33. 33. 32Among the total sample Adivasi respondents, 68.7 per cent were illiterate, 4.4 percent barely-literate, 8.8 per cent had received primary schooling, 10.3 per cent hadmiddle schooling, 6.1 per cent had received education up to high school and only 1.7per cent of Adivasi respondents had studied in college.Among 500 Rajasthan respondents, 76.2 per cent were illiterate, 5 per cent barely-literate, 9 per cent had received primary schooling, 7.4 per cent had middleschooling, 2 per cent had received education up to high school and only 0.4 per centof Adivasi respondents had studied in college.Among 500 Jharkhand respondents, 61.2 per cent were illiterate, 3.8 per centbarely-literate, 8.6 per cent had received primary schooling, 13.2 per cent hadmiddle schooling, 10.2 per cent had received education up to high school and 3 percent of Jharkhand respondents had received college education.It is interesting to note here that level of education among Jharkhand samples wasmuch higher than that in Rajasthan. While 76.2 per cent of Rajasthan respondentswere illiterate, only 61.2 per cent among Jharkhand respondents were illiterate.While only 7.4 per cent of Rajasthan respondents had enjoyed schooling up tomiddle school, 13.2 per cent of Jharkhand samples had this level of schooling. Asagainst a low 2 per cent of Rajasthan respondents who had received education up tohigh school and 0.4 per cent up to college, among Jharkhand samples, 10.2 per centhad studied up to high school and 3 per cent up to college level.Migration26.2 per cent of surveyed householdssaid that at least one member fromeach family had migrated to sometown or city in search of livelihood.73.8 per cent samples said that noneProportion of MigrationNo74%Yes26%YesNo
  34. 34. 33of their family members had gone anywhere in search of livelihood. While 27.4 percent of Rajasthan samples said that their family members had migrated to cities andtowns in search of work, 25 per cent among Jharkhand samples did say so.Hunger among Adivasi HouseholdsDaily hunger ProfileIt is distressful to note that out of total 1000 Adivasi households from 40 samplevillages spread over four districts of Rajasthan and Jharkhand surveyed for thisstudy, a staggering and shocking over 99 per cent were facing chronic hunger.Out of the total 1000 households asked as to whether they had eaten twosquare meals1on the previous day of the survey, only four respondents (0.4per cent), two each from Rajasthan & Jharkhand said that they had eaten twosquare meals on the previous day. When they were asked whether they could getone square meal plus one poor/partial meal 2on the previous day, only fivehouseholds (0.5 per cent) replied yes. Out of the remaining households, 47.9 percent had eaten two poor/partial meals, 34.7 per cent got one poor/partial meal plusone distress meal3, 11.3 per cent could get just one poor/partial meal, 0.2 per centhad eaten only one distress meal and 5 per cent of the surveyed Adivasis could eatonly jungle food on the previous day of the survey. It means that at least 5 per centof sample Adivasi families were unable to secure any of the above sixcategories of food on the previous day of the survey and it would not be anexaggeration to suggest that they were on the verge of starvation.This data suggests that at least 16.5 percent of the surveyed Adivasi householdshad eaten either just one poor/partial meal or one distress meal or only jungle foodon the previous day of the survey. In other words, at least 16.5 per cent of1Square meal : Meal consisting of adequate cereals + at least one source of protein (pulses oranimal products) + some vegetable.2Poor/partial meal : Inadequate cereals with hardly any vegetables or protein sources.3Distress meal : Hardly one-fourth quantity of required cereals. Broth (Rabari) made of water andwheat flour is a typical distress/famine food in Adivasi area of Rajasthan and rice brew(Handiya) inJharkhand.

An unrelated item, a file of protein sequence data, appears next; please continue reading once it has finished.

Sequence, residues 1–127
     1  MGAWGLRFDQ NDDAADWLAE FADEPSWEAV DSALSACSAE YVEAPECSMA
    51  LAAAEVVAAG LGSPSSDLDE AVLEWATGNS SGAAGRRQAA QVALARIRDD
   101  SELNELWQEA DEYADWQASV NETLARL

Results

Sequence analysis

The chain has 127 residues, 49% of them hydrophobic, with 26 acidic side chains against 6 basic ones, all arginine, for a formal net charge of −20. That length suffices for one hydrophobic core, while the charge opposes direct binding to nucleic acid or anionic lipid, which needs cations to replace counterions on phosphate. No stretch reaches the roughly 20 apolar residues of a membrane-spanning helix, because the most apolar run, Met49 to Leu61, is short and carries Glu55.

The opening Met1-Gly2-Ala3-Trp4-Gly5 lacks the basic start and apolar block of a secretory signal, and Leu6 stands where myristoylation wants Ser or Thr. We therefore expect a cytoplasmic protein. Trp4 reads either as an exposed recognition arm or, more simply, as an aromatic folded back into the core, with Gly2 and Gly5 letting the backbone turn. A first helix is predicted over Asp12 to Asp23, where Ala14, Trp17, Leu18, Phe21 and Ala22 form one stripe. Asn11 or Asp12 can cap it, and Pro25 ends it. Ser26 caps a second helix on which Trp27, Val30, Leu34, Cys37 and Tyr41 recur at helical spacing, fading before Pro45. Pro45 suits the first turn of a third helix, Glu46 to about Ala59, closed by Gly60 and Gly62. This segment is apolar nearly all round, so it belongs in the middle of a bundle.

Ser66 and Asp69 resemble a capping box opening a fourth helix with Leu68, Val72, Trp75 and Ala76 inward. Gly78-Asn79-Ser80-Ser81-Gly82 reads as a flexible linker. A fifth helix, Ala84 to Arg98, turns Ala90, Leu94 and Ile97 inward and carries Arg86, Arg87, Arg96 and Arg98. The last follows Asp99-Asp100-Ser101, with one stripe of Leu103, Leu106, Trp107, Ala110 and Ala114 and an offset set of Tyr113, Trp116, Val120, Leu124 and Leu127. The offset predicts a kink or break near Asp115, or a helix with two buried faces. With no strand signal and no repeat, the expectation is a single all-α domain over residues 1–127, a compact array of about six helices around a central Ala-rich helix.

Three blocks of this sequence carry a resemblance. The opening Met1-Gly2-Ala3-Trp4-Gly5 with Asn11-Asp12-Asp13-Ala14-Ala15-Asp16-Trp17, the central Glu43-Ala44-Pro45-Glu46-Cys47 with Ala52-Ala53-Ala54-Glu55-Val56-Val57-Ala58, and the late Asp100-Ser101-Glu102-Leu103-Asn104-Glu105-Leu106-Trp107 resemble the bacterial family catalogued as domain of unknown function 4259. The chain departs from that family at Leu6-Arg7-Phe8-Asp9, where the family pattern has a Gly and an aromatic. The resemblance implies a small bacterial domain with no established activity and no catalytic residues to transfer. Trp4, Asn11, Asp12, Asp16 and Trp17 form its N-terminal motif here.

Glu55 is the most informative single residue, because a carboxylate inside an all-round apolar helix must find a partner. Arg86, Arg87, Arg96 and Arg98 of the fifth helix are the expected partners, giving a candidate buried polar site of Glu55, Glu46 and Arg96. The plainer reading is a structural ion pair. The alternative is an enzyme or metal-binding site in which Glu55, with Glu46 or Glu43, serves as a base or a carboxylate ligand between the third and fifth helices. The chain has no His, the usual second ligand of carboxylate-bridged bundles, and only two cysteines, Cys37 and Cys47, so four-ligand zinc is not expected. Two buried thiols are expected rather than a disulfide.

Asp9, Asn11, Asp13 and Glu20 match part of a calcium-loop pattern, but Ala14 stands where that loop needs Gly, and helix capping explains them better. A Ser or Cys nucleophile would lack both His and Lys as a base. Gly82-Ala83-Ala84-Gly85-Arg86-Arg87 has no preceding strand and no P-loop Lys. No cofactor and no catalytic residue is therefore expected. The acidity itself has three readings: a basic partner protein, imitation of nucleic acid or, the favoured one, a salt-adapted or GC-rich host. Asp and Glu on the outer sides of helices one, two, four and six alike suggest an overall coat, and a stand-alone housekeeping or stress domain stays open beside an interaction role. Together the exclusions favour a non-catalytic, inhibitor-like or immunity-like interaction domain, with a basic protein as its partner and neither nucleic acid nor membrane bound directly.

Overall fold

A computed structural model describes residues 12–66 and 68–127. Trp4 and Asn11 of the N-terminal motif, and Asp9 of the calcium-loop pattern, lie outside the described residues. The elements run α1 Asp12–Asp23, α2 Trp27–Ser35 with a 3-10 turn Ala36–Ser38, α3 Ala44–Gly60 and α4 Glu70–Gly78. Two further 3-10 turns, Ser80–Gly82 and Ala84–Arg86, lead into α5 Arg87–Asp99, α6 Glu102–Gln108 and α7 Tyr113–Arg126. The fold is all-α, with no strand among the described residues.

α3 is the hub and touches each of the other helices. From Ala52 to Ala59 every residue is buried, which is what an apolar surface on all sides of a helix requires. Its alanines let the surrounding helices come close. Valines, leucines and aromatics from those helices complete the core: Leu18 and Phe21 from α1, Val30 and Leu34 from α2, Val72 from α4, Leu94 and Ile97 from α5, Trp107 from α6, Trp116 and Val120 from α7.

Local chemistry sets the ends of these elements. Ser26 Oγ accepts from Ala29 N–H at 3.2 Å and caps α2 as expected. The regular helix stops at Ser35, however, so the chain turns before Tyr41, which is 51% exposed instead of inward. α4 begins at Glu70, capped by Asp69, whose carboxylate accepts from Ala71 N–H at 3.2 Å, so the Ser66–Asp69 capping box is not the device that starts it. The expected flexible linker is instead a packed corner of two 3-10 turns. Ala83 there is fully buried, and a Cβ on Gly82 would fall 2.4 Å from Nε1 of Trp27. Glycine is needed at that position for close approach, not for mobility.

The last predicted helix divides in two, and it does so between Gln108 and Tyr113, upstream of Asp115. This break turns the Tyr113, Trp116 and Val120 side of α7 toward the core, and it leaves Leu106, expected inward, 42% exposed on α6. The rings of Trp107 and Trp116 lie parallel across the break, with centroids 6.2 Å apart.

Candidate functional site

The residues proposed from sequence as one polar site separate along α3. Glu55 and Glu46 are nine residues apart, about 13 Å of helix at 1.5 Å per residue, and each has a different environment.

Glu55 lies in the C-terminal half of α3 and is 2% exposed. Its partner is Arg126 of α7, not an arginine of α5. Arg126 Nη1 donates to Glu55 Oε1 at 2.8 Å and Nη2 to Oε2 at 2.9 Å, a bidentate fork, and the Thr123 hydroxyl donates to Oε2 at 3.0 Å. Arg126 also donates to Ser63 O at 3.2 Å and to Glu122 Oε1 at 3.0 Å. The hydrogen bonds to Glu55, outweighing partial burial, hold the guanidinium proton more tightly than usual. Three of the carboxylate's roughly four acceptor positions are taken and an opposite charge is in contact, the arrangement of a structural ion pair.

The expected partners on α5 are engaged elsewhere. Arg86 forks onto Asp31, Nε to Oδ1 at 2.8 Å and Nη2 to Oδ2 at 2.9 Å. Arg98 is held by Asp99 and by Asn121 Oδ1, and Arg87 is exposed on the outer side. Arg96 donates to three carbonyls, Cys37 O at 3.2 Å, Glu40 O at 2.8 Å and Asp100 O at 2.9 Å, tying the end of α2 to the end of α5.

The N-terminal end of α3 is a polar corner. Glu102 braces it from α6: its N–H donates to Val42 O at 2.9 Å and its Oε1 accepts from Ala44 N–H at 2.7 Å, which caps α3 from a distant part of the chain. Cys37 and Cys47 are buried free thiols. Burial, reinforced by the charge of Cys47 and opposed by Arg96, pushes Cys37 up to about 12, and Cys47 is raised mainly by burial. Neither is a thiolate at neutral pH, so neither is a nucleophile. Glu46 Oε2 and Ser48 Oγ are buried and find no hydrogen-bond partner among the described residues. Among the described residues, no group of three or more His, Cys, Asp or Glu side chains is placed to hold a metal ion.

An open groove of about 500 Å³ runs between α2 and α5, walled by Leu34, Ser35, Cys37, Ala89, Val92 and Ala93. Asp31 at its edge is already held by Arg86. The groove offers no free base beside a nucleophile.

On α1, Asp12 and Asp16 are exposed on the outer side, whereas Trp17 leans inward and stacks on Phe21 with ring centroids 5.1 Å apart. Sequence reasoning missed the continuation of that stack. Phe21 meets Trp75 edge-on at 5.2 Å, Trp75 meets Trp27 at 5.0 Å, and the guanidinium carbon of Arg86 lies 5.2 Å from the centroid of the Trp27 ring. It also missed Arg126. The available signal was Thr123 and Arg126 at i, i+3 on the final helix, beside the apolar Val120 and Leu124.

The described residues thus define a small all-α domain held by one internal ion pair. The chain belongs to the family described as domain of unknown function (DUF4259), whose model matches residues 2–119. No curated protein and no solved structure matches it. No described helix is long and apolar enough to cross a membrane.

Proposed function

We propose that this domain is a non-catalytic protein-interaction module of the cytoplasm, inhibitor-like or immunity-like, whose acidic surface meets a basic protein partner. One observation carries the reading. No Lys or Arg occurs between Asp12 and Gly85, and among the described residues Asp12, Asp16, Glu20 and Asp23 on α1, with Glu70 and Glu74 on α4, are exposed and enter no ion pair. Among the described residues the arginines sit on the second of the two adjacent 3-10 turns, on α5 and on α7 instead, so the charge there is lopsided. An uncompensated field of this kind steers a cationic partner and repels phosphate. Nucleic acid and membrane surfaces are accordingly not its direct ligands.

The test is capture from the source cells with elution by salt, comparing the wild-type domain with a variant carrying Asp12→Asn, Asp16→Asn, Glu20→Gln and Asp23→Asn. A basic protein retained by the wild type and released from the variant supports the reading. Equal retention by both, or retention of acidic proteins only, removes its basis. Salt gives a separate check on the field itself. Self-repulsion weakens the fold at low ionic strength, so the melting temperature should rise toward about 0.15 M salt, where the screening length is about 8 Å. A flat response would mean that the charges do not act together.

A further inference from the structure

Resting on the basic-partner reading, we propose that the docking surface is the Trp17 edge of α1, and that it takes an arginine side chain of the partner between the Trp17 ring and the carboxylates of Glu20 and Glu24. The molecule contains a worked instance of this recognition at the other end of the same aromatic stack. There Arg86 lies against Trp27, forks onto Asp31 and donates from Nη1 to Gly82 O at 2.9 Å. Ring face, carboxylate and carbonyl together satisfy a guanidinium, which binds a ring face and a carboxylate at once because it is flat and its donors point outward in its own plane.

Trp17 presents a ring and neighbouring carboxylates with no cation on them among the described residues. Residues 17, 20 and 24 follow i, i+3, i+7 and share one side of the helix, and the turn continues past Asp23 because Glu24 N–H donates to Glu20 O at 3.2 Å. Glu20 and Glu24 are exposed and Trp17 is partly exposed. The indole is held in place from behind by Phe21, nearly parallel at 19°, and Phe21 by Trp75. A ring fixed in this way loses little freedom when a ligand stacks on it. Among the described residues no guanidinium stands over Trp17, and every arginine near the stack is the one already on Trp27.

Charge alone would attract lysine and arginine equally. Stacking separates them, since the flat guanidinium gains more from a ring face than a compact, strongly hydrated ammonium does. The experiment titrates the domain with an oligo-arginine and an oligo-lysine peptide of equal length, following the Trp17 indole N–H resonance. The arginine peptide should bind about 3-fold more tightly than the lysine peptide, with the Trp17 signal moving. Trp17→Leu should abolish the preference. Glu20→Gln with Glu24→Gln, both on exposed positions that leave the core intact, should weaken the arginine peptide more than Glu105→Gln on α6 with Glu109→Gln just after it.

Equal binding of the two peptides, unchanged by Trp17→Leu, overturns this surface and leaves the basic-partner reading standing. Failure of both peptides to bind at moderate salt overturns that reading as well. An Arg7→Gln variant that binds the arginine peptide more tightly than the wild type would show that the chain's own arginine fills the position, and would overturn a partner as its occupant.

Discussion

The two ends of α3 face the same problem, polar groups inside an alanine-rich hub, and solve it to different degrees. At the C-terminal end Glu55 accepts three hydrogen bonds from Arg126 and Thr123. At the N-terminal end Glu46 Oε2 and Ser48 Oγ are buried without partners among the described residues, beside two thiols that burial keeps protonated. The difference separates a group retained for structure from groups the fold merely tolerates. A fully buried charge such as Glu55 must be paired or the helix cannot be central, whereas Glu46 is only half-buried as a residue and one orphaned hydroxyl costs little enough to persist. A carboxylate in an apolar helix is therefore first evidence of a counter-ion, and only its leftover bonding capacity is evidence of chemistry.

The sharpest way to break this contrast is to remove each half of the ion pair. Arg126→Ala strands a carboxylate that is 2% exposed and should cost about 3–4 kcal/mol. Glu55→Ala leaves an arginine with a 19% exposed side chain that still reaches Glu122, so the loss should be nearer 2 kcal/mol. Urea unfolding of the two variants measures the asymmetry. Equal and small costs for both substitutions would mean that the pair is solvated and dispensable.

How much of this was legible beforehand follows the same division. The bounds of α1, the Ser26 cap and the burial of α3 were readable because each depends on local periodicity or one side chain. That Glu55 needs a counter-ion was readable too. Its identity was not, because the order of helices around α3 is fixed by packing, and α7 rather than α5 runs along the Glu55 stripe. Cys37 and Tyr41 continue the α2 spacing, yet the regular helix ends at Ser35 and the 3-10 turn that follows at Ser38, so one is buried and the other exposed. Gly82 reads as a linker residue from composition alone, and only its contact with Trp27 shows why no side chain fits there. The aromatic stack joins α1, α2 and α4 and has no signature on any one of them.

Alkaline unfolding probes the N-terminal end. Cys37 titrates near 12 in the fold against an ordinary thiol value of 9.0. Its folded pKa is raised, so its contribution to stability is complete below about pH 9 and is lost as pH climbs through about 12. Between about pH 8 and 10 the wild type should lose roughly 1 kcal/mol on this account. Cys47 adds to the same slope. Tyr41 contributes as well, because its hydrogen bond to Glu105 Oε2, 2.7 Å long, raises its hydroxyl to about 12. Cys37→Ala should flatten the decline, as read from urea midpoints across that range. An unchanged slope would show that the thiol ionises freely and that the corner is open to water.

35. 35. 34sample Adivasi households were facing either starvation or semi-starvation onthe previous day of the survey. It is interesting to note here that while only ninefamilies (1.8 per cent) in Rajasthan had survived on Jungle food, 41 Adivasihouseholds (8.2 per cent) in Jharkhand had to make do with only jungle food on theprevious day of the survey.Hunger profile of previous day1.80.4 0.838.218.208.247.957.635.24.4 0.40.20.434.234.711.30.2 50.50.4010203040506070Two squaremealsOne squaremeal+ onepoor/partialmealTwopoor/partialmealsOne poor/partialmealsOne poor/partialmeal+ onedistressmealOnly onedistressmealOnly junglefoodCategory of foodsPercentageRajasthanJharkhandBothRajasthan:Out of 500 Adivasi households surveyed in Rajasthan, only two households (0.4percent) had eaten two square meals on the previous day of the survey. There wasonly one Adivasi household (0.2 percent) which had secured the second–bestcategory of food enlisted in survey schedule (one square meal plus one poor/partialmeal) on the previous day of survey. Out of 500 sample households surveyed inRajasthan, 288 households (57.6 per cent) had to make do with only two poor/partialmeals (third-best enlisted category of food). The fourth-best enlisted category of food(one poor/partial meal plus one distress meal) was secured by 176 families (35.2percent) of Adivasis on the previous day of the survey. Twenty two Adivasi